# Electrolysis involving K+ and Li+ ions

Need clarification on Q31a) in the image. Possibly a dumb question but the book's answer might be wrong. The book says lithium ions will be reduced instead of potassium ions. How is this true when K+ ions are stronger oxidants?

Their answer for part d even reiterates that's Li+ will react in preference to K+ so I think I may be wrong...not sure how though

Thanks

• Who says K+ ions are stronger oxidants? It might seem so according to standard electrode potentials, but those only apply to water solutions. – Ivan Neretin Jun 1 '17 at 10:37
• How does a molten electrolyte change this? – Destudent Jun 1 '17 at 11:31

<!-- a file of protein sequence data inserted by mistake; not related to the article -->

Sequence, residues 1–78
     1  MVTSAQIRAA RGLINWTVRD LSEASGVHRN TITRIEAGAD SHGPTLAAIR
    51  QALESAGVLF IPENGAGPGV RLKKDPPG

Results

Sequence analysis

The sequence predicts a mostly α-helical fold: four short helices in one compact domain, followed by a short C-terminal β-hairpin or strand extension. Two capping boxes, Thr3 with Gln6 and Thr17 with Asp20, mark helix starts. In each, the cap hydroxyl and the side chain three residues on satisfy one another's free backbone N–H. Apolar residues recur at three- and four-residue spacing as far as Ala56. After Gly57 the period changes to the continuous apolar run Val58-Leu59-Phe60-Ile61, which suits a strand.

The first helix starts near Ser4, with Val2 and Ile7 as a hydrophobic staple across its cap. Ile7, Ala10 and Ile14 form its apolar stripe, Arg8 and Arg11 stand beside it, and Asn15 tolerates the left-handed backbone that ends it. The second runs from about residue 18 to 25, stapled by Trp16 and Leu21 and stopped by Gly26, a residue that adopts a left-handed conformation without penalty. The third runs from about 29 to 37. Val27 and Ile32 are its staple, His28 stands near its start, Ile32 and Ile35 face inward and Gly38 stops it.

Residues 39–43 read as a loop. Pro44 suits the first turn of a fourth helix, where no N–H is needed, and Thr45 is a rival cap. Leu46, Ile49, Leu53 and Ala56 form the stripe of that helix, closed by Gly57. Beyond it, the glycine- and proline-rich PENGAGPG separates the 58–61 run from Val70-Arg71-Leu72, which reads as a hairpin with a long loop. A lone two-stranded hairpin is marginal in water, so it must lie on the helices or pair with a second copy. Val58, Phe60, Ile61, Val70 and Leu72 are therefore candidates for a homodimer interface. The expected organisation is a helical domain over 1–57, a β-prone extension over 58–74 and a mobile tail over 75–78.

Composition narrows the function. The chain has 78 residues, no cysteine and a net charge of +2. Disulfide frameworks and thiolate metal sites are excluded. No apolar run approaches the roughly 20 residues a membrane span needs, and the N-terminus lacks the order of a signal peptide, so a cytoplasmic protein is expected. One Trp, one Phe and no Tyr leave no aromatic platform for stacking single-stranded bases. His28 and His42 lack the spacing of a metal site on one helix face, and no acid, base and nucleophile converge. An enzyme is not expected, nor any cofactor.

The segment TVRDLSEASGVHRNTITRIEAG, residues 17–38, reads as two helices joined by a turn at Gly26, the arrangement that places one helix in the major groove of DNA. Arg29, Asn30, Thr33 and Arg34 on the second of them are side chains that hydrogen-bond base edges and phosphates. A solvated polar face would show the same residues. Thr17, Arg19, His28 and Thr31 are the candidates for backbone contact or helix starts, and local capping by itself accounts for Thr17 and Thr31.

• everything is relative – Fl.pf. Jun 1 '17 at 12:18

$\ce{Li+}$ 's low standard reduction potential value applies to aqueous solutions only.
$\ce{Li+}$ has very high polarising power due to its small size (and in turn a high hydration energy). This is why $\ce{Li+}$ has a very low reduction potential compared to other alkali metals in aqueous solutions.